The Centre on Tuesday told the Supreme Court that it is keen to pursue its curative petition seeking enhancement of compensation to Bhopal gas tragedy victims — over the $470 million, which has already been paid by Union Carbide.
Attorney General (AG) R. Venkataramani submitted before a five-judge bench headed by Justice Sanjay Kishan Kaul that it is a tragedy unfolding everyday and victims can’t be abandoned.
Advocate Karuna Nundy, representing the victims, contended that the victims have to be given an opportunity to give a representation before the court comes to a conclusion in the matter and appreciated the AG’s heartening statement.
The AG said there are various challenges in reopening this matter, but we cannot abandon the victims, because the tragedy is unfolding every day. He added that the government wants to proceed and he has gone through considerable literature on the reopening of settlement. The AG said he will be able to place a note. Nundy said first there is the civil aspect, and then there is the criminal aspect and the matter must be investigated.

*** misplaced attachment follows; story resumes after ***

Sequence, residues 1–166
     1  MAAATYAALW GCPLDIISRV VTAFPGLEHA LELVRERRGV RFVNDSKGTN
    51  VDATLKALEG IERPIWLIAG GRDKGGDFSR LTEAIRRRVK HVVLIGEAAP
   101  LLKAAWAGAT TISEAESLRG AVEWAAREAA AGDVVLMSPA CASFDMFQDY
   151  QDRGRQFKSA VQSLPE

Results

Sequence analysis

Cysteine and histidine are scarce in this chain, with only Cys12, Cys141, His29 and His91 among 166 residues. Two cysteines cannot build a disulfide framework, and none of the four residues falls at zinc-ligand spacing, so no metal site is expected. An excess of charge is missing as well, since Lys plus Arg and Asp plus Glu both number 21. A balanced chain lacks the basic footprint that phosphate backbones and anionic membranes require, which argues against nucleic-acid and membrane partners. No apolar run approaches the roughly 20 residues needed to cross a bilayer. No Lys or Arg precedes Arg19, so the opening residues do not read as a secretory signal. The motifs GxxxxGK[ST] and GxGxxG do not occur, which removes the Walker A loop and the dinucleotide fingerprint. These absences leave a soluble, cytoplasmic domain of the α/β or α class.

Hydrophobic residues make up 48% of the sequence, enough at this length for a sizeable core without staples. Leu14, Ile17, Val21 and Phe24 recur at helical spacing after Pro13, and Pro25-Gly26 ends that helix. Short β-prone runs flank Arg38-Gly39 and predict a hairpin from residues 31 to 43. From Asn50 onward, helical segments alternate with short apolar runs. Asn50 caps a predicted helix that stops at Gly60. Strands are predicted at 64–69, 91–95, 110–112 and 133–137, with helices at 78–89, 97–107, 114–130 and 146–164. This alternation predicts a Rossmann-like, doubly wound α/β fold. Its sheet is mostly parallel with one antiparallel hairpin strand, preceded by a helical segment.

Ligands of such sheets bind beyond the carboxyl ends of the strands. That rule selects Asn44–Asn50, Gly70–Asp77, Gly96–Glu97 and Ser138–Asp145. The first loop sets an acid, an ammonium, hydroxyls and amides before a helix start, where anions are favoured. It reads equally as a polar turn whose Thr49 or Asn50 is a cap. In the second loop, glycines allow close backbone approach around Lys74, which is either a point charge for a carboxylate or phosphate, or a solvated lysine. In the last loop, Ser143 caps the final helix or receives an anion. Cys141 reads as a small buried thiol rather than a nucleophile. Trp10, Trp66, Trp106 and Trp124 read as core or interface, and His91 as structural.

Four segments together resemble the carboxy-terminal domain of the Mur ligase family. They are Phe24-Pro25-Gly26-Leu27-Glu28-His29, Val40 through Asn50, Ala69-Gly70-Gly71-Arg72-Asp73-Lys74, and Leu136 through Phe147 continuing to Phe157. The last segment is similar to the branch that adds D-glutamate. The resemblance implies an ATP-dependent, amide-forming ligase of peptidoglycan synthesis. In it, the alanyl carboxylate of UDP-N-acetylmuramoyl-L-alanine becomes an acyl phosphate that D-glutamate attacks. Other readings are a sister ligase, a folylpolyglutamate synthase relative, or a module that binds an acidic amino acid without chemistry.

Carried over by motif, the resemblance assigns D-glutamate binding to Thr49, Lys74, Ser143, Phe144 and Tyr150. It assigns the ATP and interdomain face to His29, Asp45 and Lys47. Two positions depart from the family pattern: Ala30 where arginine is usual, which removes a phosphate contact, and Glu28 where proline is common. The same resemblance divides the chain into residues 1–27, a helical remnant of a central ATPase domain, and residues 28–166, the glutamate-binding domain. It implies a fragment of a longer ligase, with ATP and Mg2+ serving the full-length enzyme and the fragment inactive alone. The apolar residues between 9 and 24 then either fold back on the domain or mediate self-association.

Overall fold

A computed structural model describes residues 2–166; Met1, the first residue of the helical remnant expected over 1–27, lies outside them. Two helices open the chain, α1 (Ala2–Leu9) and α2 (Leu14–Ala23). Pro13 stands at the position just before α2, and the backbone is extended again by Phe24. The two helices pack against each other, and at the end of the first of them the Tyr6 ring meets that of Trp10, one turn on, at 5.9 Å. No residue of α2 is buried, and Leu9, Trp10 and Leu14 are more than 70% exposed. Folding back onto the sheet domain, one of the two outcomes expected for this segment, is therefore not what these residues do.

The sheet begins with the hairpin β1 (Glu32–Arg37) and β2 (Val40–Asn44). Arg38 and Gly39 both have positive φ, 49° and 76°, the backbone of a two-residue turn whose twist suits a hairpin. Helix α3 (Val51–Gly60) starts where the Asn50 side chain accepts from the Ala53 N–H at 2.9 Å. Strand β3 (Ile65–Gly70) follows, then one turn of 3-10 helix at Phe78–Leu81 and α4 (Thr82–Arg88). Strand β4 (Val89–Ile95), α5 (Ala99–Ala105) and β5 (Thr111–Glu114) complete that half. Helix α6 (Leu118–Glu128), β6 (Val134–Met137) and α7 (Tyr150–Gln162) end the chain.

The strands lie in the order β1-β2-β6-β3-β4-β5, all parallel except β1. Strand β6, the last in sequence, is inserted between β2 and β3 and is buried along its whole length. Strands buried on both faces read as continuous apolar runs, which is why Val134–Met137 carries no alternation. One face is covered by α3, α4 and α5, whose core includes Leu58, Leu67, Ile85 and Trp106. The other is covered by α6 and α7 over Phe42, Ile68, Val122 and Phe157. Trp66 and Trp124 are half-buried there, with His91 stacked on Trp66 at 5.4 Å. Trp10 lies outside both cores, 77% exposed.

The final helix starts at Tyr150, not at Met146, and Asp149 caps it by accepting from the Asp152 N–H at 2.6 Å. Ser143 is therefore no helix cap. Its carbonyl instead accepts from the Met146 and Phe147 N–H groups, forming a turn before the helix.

The Union Carbide Corporation’s counsel questioned the locus standi of NGOs. The bench — also comprising Justices Sanjiv Khanna, A.S. Oka, Vikram Nath, and J.K. Maheshwari — noted that a review was not filed then and a curative petition was filed after a gap of 19 years, and asked the victims’ counsel, in what capacity they will be heard?
The bench, in its order, noted that the AG has taken a stand before the court that the government would like to press its curative petition and a number of NGOs would like to be impleaded, however, counsel for respondent has questioned the maintainability.
The bench said a compilation needs to be prepared by the AG and the company, and it did not allow the counsel representing the victims to file any pleadings. However, the top court clarified that it did not foreclose their rights to be heard by it. The top court has scheduled the hearing after eight weeks and sought a joint compilation by then.
In the previous hearing, senior advocate Sanjay Parikh, representing the victims, said that over the years, the tragedy’s intensity has increased fivefold — deaths, the number of victims, and the extent of injuries.
On September 20, the Supreme Court asked the Centre’s counsel to get instructions whether it wants to pursue its curative petition seeking enhancement of compensation to Bhopal gas tragedy victims – over the $470 million, which has already been paid by Union Carbide.
In 2011, a five-judge bench of the top court had issued notice to the Union Carbide Corporation, now a wholly owned subsidiary of Dow Chemicals Co., US.